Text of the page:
It’s Sphinx vs. Minx in the late Alain Corneau’s seventeenth feature, “Love Crime,” a cunning construct of what he knowingly described as one of “my little Fritz Lang labyrinths.” (Or Brigitte vs. Bordeaux?) Corneau pits two career women in the Paris office of an American agricultural conglomerate against each other: chilly mentor Christine (Kristin Scott Thomas), impressionable protégé Isabelle (Ludivine Sagnier). Barney & Johnson: it sounds like a couple of dogs George W. Bush would take for a walk. But this “agro” industry has its own form of “aggro.” “Want it and watch out at all times,” is Christine’s advice to the talented younger woman. “You’re both very complicated,” is all a co-worker who sleeps with both women can muster. Isabelle seems like a tightly packaged little girl waiting to uncoil: first sex, ripping away her business-suit pencil skirt, clumsy tearing at her tight corporate carapace, suggests she needs to shed control as well. “It isn’t luck when you do the work, things fall into place,” Christine says after taking credit for one of Isabelle’s best business proposals yet. It’s not all city cat, country mouse: the range of expressions that flicker across the features of these two dissimilar, yet equally vital performers’ faces are unspoken worlds. But they also act, tellingly, with their bodies: posture, sudden eye contact, suddenness. A twitch of the mouth, a flex of the arch of a foot. They’re delicious in the midst of encroaching paranoia. Notably, they’re wielders of fountain pens, each pointing a nib like a small deadly blade. Isabelle, given a file that could crush Christine, pushes a bold red presentation binder away from herself on a desk as if it were radioactive. And the gesture of rubbing the corner of the mouth of another is as deadly as a punch or a stab. You better flinch. “This is the right person in the right place at the right time”: when the complications come, and come, and come again, and again, you’ll know that’s the story’s truest line. The score, for saxophone and koto, by American musician Pharoah Sanders, is unexpected: exotic, tender and unaccountably fearful. (There is a splendid fateful moment where a wordless ballet suddenly welcomes the koto, played out as if on a Japanese stage.) Corneau’s best-known film may have been the music drama about the life of a seventeenth-century viola da gamba virtuoso “Tous les Matins du Monde,” but most of his films were crime thrillers on par with “Love Crime.” With Patrick Mille, Guillaume Marquet, Gérald Laroche, Julien Rochefort, Olivier Rabourdin. 106m. (Ray Pride)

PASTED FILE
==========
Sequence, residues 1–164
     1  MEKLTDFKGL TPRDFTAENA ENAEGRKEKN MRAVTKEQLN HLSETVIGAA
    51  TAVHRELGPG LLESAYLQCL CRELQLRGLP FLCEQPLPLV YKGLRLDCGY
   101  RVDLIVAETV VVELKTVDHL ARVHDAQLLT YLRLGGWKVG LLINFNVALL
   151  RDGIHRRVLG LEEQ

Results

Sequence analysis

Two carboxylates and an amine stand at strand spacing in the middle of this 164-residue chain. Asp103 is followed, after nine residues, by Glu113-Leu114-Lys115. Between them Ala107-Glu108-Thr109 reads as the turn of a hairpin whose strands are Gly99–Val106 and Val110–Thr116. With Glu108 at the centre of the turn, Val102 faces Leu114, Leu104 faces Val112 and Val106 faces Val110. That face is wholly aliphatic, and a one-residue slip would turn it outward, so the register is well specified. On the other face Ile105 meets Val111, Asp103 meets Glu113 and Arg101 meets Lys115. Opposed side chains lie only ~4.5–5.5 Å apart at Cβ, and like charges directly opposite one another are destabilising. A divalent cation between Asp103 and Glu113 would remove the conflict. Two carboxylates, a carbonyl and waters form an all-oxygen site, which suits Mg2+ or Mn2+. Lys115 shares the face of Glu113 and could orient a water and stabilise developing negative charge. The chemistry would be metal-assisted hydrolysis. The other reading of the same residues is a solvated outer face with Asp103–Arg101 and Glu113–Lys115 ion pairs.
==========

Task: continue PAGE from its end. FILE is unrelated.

“Love Crime” opens Friday at the Music Box and Landmark Renaissance.
Ray Pride is Newcity’s film critic and a contributing editor to Filmmaker magazine.
His multimedia history of Chicago “Ghost Signs” will be published soon. Previews of the project are on Twitter and on Instagram as Ghost Signs Chicago. More photography on Instagram.